Print ISSN: 0148-0227
    Topics: Geosciences , Physics
    Published by Wiley on behalf of American Geophysical Union (AGU).
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  • 5
    Publication Date: 2014-10-21
    Description: Radiosonde observations made from Davis station, Antarctica (68.6°S, 78.0°4 E) between 2001 and 2012 are used to compile a climatology of lower stratosphere inertial gravity wave characteristics. Wavelet analysis extracts single wave packets from the wind and temperature perturbations. Wavelet parameters, combined with linear gravity wave theory, allow for the derivation of a wide range of wave characteristics. Observational filtering associated with this analysis preferentially selects inertial gravity waves with vertical wavelengths less then 2-3 km. The vertical propagation statistics show strong temporal and height variations. The waves propagate close to the horizontal and are strongly advected by the background wind in the wintertime. Notably, around half of the waves observed in the stratosphere above Davis between early May and mid-October propagate downward. This feature is distributed over the observed stratospheric height range. Based on the similarity between the upward and downward propagating waves and on the vertical structure of the non-linear balance residual in the polar winter stratosphere, it is concluded that a source due to imbalanced flow that is distributed across the winter lower-stratosphere best explains the observations. Calculations of kinetic and potential energies and momentum fluxes highlight the potential for variations in results due to different analysis techniques.
    Print ISSN: 0148-0227
    Topics: Geosciences , Physics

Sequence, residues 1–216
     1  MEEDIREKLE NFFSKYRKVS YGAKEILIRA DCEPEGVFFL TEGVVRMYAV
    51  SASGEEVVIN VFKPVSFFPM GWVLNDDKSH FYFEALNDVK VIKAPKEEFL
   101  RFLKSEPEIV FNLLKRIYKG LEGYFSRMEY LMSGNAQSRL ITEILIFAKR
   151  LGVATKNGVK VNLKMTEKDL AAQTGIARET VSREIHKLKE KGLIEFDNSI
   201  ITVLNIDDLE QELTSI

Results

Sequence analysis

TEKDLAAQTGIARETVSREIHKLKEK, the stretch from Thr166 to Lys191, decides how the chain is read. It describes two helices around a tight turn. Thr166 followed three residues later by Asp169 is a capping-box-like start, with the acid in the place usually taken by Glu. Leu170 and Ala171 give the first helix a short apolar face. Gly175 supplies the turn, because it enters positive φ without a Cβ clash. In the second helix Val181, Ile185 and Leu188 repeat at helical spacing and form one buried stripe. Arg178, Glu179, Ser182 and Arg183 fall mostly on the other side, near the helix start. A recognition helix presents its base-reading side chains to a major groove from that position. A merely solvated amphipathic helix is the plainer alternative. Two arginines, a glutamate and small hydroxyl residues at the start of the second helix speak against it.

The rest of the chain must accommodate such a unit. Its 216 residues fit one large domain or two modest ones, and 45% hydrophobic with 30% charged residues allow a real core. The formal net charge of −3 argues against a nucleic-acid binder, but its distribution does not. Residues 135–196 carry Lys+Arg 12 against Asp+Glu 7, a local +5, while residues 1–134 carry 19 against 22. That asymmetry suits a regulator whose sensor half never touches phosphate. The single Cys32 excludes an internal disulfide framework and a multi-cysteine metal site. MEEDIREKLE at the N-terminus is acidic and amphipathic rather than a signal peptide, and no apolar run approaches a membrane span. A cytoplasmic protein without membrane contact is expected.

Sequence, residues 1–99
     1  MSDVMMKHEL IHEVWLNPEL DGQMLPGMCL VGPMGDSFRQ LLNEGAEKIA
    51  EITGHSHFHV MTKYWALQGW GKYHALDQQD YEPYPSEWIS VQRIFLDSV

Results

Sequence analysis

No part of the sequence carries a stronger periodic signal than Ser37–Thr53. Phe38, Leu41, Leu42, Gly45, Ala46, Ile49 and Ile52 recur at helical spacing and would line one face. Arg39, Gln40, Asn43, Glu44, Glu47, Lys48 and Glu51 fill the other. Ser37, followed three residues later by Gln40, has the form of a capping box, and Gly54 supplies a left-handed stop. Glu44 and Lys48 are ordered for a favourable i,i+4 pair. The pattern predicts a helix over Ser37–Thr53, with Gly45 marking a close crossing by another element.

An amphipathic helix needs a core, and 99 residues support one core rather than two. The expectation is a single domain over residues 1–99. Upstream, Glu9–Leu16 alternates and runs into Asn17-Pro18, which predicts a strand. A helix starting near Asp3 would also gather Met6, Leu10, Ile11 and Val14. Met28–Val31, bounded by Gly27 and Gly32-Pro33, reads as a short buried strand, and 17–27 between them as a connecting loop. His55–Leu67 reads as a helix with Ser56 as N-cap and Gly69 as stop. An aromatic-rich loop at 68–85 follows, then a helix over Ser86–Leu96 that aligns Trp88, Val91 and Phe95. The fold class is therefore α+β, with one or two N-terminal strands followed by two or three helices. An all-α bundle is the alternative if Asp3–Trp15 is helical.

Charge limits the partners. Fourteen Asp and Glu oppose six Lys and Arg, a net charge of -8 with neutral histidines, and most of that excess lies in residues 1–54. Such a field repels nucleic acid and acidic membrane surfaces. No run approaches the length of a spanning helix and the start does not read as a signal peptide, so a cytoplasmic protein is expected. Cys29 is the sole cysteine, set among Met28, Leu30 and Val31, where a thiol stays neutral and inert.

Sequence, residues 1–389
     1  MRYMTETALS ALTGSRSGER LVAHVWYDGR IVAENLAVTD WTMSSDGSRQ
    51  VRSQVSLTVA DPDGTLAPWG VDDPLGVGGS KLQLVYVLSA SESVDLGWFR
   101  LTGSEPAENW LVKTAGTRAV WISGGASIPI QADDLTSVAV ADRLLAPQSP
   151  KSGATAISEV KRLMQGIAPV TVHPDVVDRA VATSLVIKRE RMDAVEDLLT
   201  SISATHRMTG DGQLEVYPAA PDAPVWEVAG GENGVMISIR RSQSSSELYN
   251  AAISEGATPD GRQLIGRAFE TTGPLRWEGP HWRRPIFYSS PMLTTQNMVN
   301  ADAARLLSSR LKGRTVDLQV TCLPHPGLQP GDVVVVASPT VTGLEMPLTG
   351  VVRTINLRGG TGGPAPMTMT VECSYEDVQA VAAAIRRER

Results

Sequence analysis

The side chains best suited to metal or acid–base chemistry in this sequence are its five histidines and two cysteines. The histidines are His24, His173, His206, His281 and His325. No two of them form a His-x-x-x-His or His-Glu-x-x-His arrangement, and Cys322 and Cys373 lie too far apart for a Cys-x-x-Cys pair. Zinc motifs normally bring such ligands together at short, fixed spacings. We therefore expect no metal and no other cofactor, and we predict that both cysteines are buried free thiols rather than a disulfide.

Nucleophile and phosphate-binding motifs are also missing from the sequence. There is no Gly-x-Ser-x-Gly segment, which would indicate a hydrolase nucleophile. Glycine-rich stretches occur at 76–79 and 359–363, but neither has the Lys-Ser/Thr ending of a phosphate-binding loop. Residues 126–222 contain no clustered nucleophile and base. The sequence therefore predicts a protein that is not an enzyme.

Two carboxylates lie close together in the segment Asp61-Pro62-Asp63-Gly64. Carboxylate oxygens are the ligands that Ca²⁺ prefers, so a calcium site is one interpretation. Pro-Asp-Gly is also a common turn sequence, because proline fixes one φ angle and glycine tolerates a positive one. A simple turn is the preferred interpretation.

Published by Wiley on behalf of American Geophysical Union (AGU).
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  • 6
    Publication Date: 2016-04-13
    Description: Author(s): T. Blum, P. A. Boyle, N. H. Christ, J. Frison, N. Garron, R. J. Hudspith, T. Izubuchi, T. Janowski, C. Jung, A. Jüttner, C. Kelly, R. D. Kenway, C. Lehner, M. Marinkovic, R. D. Mawhinney, G. McGlynn, D. J. Murphy, S. Ohta ((太田滋生)), A. Portelli, C. T. Sachrajda, and A. Soni (RBC and UKQCD Collaborations) We present results for several light hadronic quantities ( f π , f K , B K , m u d , m s , t 0 1 / 2 , w 0 ) obtained from simulations of 2 + 1 flavor domain wall lattice QCD with large physical volumes and nearly physical pion masses at two lattice spacings. We perform a short, O ( 3 ) % , extrapolation in pion mass to the … [Phys. Rev. D 93, 074505] Published Tue Apr 12, 2016
    Keywords: Lattice Methods
    Print ISSN: 0556-2821
    Electronic ISSN: 1089-4918
    Topics: Physics
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  • 7
    Publication Date: 2012-04-28
    Description: Wind observations obtained between 1995 and 2011 using the MF radar at Davis have been used to demonstrate the modifying role the quasi-biennial oscillation (QBO) plays on some aspects of interhemispheric coupling identified by previous authors. The response of the meridional wind in the southern summer polar MLT to changes in winter stratospheric planetary wave activity is shown to change sign according to the phase of the QBO. The time delay associated with the coupling is also shown to vary with QBO phase, with an eastward QBO providing a more rapid response. Coupling to the MLT meridional winds is strongest in January. Parts of the mechanism currently proposed have been tested using UKMO assimilated observations. The signatures of some aspects of this mechanism are present in the data. However, some differences to the mechanism are also apparent, in particular the effectiveness of the mechanism near the equator. An explanation for the QBO modulation of the MLT wind response to interhemispheric coupling is proposed on the basis of these differences.
    Print ISSN: 0148-0227
    Topics: Geosciences , Physics
    Published by Wiley on behalf of American Geophysical Union (AGU).
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  • 8
    Publication Date: 2011-07-13